Southeast of Leningrad, May 14, 1943
Hundreds of shells were overhead, thousands more would soon follow. Death and destruction was measured in tons and slivers.
Machine guns were hammering away at a strong point. Submachine gunners were crawling forward on their bellies to storm an outpost. Pioneers were a few meters behind the spearpoint, each man carried the tools needed to penetrate a minefield and pierce a wire.
Four hundred meters behind the assault force, Tatianna maintained her watch. Today, she was acting as a sharpshooter instead of being an independent hunter. Her rifle dealt death one bullet at a time, a few grams of steel and lead and copper and powder per life. She had fired seven times already, her targets were officers and sergeants first and then machine gunners and mortar crews. Riflemen were too common for her efforts. She fired once again. The rifle kicked against her shoulder and she cleared the bolt. Her spotter marked the impact, four inches low and two inches wide of the optimal point, but a wounding was almost better than a kill right now. That veteran would need his squad to care for him while demoralizing the men who had looked up to him. Her spotter nudged her in the ribs. It was time to switch. She would spot and her partner would shoot.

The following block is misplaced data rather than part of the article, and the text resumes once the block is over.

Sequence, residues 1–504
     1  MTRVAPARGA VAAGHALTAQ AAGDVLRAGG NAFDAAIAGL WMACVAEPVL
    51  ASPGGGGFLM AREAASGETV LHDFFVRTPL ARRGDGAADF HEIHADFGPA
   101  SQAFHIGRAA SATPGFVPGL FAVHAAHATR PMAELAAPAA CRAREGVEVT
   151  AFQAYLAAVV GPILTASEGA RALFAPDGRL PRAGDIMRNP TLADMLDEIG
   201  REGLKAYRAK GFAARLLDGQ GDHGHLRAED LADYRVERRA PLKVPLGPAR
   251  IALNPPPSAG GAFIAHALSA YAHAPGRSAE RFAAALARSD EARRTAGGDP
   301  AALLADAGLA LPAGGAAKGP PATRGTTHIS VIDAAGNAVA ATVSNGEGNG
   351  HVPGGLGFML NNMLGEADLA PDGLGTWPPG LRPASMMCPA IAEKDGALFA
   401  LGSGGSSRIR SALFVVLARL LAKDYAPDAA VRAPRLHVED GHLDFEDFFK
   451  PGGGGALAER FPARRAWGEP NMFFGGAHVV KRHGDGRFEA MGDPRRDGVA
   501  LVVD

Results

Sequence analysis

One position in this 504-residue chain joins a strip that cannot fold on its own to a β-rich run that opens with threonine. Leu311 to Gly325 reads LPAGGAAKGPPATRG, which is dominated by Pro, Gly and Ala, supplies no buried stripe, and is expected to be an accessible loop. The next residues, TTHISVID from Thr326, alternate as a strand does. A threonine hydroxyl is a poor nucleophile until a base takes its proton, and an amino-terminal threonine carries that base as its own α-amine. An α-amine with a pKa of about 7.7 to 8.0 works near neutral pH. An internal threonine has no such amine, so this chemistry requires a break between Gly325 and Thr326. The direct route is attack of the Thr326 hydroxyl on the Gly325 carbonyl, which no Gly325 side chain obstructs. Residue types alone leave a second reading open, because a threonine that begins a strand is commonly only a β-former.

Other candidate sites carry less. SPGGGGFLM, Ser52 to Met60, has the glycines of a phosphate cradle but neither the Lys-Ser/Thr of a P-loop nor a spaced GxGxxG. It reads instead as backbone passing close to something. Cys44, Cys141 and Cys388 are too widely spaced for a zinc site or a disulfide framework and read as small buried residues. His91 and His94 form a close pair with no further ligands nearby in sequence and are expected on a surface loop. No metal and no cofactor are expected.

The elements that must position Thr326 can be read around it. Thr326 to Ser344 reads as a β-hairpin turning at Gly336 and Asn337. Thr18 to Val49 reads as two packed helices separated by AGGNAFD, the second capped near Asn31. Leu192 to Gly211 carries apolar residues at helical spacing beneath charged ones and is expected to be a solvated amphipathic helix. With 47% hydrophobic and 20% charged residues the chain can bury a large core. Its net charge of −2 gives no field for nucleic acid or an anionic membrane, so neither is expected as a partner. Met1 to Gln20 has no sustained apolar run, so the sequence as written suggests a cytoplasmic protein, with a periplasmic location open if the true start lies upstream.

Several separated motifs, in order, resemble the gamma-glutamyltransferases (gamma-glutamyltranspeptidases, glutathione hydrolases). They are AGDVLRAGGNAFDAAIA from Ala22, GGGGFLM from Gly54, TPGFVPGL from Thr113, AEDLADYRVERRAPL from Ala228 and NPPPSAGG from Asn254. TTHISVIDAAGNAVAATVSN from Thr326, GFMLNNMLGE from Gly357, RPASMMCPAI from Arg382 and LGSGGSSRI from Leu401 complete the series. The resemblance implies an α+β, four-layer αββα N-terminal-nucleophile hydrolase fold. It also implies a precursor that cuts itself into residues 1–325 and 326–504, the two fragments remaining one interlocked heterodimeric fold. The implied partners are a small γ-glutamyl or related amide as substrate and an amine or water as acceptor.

Four hours later, the pair relaxed. The regiment had met up with a tank battalion that was attacking into Leningrad even as they were attacking out. Rumors had it that they would be loaded into trucks to help reinforce another part of the general offensive, but for now, they had bread, they had water, and they even had good Turkish cigarettes.